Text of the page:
FOR IMMEDIATE RELEASE
February 8, 2006
PUEBLO WOMAN ARRESTED FOR FILING IRS FALSE REFUND CLAIMS
DENVER - Bill Leone, United States Attorney for the District of Colorado, and Terry L. Stuart, Special Agent in Charge of the IRS-Criminal Investigation, Denver Field Office, announced that SYDESSAH NYESSAH LEWIS, age 31, of Pueblo, Colorado, was arrested today without incident by IRS Criminal Investigation Special Agents. LEWIS was arrested following her indictment on February 6, 2006 by a federal grand jury in Denver for filing false refund claims. LEWIS made her initial appearance and was arraigned in U.S. District Court in Denver this afternoon. She was released on a unsecured $10,000 bond pending trial.
According to the indictment, LEWIS was charged with seven counts of filing false income tax refund claims totaling $27,090. LEWIS allegedly filed false forms 1040, 1040A, and 1040EZ while a resident of Colorado Springs, for the years 2000 through 2002.
The IRS established the Questionable Refund Program to deal with the serious problem of refund fraud, which has increased significantly in recent years. “The IRS estimates that fraudulent refund claims now exceed a half-billion dollars a year,” said Terry L. Stuart, Special Agent in Charge of the IRS-Criminal Investigation, Denver Field Office.
If convicted, the defendant faces up to 5 years in federal prison, and/or up to a $250,000 fine per count.
The investigation was conducted by Special Agents with the IRS-Criminal Investigation.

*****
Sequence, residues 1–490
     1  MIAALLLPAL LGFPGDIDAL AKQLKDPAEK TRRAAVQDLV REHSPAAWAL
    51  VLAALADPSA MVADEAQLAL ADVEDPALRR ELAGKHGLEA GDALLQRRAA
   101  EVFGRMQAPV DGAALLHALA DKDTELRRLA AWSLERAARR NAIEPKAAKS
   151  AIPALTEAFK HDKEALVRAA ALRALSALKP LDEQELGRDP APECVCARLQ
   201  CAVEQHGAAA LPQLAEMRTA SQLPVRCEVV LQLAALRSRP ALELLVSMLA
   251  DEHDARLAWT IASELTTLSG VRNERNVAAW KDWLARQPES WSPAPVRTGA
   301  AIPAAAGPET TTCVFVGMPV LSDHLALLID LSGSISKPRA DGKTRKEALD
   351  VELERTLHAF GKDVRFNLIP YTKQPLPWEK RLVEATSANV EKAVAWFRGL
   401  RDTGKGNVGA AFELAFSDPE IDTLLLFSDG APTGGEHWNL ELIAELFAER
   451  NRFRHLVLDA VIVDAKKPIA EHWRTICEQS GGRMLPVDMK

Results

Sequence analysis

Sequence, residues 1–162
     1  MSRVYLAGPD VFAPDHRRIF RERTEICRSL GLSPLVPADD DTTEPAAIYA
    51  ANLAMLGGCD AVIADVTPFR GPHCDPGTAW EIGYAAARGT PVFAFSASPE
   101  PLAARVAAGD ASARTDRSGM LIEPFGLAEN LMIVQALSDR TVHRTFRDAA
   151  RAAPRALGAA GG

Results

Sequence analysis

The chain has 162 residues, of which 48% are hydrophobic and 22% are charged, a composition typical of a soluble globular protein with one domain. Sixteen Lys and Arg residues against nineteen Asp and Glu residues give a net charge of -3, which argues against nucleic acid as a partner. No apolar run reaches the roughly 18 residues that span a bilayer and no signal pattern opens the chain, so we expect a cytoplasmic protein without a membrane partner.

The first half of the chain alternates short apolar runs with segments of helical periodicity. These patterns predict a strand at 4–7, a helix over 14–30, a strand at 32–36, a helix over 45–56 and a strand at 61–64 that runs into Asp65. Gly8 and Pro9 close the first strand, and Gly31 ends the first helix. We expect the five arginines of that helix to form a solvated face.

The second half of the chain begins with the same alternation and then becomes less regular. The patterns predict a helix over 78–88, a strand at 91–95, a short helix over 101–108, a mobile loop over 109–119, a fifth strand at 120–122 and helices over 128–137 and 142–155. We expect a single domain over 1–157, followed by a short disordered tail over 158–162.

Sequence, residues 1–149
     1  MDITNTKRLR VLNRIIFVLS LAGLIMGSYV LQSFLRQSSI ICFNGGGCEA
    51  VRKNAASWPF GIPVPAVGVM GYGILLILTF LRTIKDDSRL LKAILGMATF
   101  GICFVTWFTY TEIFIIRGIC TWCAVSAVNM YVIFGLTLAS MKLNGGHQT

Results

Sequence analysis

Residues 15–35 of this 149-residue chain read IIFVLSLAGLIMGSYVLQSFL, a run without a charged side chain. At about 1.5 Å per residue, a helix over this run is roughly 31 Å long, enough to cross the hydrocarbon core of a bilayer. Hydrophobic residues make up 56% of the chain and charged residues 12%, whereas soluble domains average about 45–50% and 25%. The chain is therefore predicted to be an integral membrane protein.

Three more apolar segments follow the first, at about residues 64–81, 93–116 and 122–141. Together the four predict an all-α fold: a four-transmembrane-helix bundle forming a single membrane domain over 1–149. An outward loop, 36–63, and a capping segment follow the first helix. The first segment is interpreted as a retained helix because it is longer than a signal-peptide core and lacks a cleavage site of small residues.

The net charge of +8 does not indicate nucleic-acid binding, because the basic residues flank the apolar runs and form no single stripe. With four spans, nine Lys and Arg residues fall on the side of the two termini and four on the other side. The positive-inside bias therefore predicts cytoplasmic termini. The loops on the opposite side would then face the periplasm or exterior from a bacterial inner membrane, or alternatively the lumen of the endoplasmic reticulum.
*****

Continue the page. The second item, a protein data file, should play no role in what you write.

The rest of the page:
The case is being prosecuted by Assistant United States Attorney Robert Mydans.
Suspected tax fraud should be reported to the IRS using IRS Form 3949-A, Information Referral or by calling 1-800-829-3676. The form is available from the IRS web site at www.irs.gov, or through the U.S. Mail by calling 1-800-829-3676. The completed form or a letter detailing the alleged fraudulent activity should be addressed to the Internal Revenue Service, Fresno, California, 93888. The mailing should include specific information about who is being reported, the activity being reported, how the activity became known, when the alleged violation took place, the amount of money involved and any other information that might be helpful in an investigation. The person filing the report is not required to self-identify, although it is helpful to do so. The identity of the person filing the report can be kept confidential. The person may also be entitled to a reward.
The charges are only allegations, and the defendant is presumed innocent unless and until proven guilty.